The Gig: Interpol
Where: Kool Haus, Toronto, Ontario, Canada
When: 10 August 2010
In One Word: Evocative
Itâ€™s uncommon these days that I attend a concert as media without a camera strung around my neck, but tonight at the Kool Haus I was happy to watch the show with just a beer in my hand and a notepad in my back pocket. Having been playing in an amateur league football match just before this gig, I figured Iâ€™d done enough shooting for one evening, having scored a hat-trick in our 6-0 win – huzzah! A bit of an odd one though to be turning up at a concert already drenched in sweat – thankfully the temperature inside the Kool Haus wasn’t too bad.
Interpol are not the most photogenic of bands in any case. Their stage presence is fairly anonymous – the band are there, you can see them and throw a wave to them, but thatâ€™s about it. The members of Interpol do very little in terms of movement on stage and they always seem distant. Sure, they stand silhouetted and try to look moody and cool, but The Big Pink or B.R.M.C. they are not – they just donâ€™t have an impacting stage presence. Things were a little different when Interpol had their original line-up: Carlos D. on bass did have presence, looking affected and fucked-up in a way that provided a complimentary visual to go along with Interpolâ€™s music.Â Carlos D. was the archetype of the moody bassist. His replacement David Pajo had none of that presence tonight at the Kool Haus, and together with Brandon Curtis, was just there to make up the numbers.
Interpolâ€™s original line-up was where it was at: or I should say, the line-up responsible for their 2002 debut album Turn on the Bright Lights. That album was one of the best of the last decade, and tonight at the Kool Haus three-quarters of the 2002-era Interpol played through a set laced with songs taken from their classic debut. From the second song onwards, â€śSay Hello To The Angelsâ€ť, it was always their oldest material that stood-out. The rises and falls in the music, punctuated by those pensive guitar hooks delivered by Paul Banks and Daniel Kessler sounded as haunting and striking as ever. And Paul Banks has that rather dreary, distinct vocal style to match. With a stand-in bass player and keyboardist completing the line-up, this gig became one where I stood reminiscing about memories associated with songs from Interpolâ€™s debut record.
“Turn on the Bright Lights is a deceptively deep record, and to fully appreciate it you first need to find yourself in a dark place.”
Turn on the Bright Lights was a record that quite literally had me floored. Of all the sharply dressed New York bands that invaded the consciousnesses of British music fans in the early 2000â€™s, Interpol offered up something a bit different. They enjoyed the same kind of front-page hype on the NME that the Strokes and Yeah Yeah Yeahâ€™s enjoyed, but Interpolâ€™s music was harder for me to grasp – it was more challenging, and deeper. I was dismissive of Interpol at first, finding Turn on the Bright Lights to be too dark and depressing to enjoy, which is quite a statement to make for me considering I grew up in one of the most dour and isolated parts of Grey Britain. Interpol have dark undertones that we British usually clamour for – thatâ€™s why Joy Division, the Fall, the Smiths and or any post-punk band worth itâ€™s salt became so loved. But to me Interpol were an acquired taste, and it took a [then] heart-wrenching break-up from my first proper girlfriend to lead me to switch Is This It from my stereo to replace it with Turn on the Bright Lights. As I wallowed in pity on the floor of my dank bedsit room in a rundown town in north England (a place Iâ€™d moved to for university), suddenly the music of Interpol began to make sense. Interpolâ€™s music gave me a soundtrack to the emotions I was feeling, and no other new music at that time could reach me in the same way. Turn on the Bright Lights is a deceptively deep record, and to fully appreciate it you first need to find yourself in a dark place.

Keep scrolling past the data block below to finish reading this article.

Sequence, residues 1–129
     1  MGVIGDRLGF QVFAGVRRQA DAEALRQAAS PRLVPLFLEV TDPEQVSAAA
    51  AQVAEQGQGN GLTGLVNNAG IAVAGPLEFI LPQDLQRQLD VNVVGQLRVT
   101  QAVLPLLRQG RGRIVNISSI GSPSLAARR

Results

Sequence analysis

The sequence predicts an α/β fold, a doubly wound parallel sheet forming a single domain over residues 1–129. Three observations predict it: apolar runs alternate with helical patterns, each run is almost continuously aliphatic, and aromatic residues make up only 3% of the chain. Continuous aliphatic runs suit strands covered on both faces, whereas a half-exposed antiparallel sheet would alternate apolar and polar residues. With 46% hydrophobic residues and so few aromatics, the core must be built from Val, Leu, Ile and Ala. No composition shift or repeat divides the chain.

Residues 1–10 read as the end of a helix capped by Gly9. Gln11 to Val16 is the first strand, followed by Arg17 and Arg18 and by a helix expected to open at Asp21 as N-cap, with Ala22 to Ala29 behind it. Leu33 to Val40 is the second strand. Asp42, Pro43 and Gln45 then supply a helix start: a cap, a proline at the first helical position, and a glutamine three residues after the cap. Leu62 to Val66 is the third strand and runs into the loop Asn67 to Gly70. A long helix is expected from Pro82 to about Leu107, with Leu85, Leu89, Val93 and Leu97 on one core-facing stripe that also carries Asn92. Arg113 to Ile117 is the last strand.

At the Kool Haus I was sure certain that I was not the only one who was having a rather self-immersed concert experience. For about every second song, Interpol played a song from that inspired first album, and these were always the songs that got the big reactions. I tuned out to the rest, with new songs like â€śBarricadeâ€ť doing nothing for me. But for the old songs it was a real pleasure to find myself reminiscing about all the memories I associate with each of the songs from Bright Lights.
â€śObstacle 1â€ť was a big song, for sure, and one of the closest to the heart of any Interpol fan, while elsewhere â€śHands Awayâ€ť and â€śStellaâ€ť were other picks, while â€śEvilâ€ť from their second album Antics was the only non Bright Lights song that I found any interest in.
For me though, as I stood in my self-immersed and reminiscent concert trance, the moment of the evening came with â€śNYCâ€ť during Interpolâ€™s three song encore. The lyrics of: â€śI’m sick of spending these lonely nights, Training myself not to care… I know you’ve supported me for a long time, Somehow I’m not impressedâ€ť, are so cavernously affecting. They are the kind of lyrical gush that hopeless romantics like myself might send on a card to Post-Secret – or use as sensitive a Tweet, at least. And despite all the sadness of that song, the backing chorus of â€ś(Got to be some more change in my life)â€ť can be used as a motivator – I found myself going into a big Interpol relapse last year, but even us sensitive Interpol-liking types can dust ourselves off after getting knocked down and rise up again. Music can inspire, help us understand or at the very least help take the edge off of lifeâ€™s knocks – and for that reason, it is to bands like Interpol that we can say with great sincerity: Thank you for the music.
Â© Brian Banks, Editor, Music Vice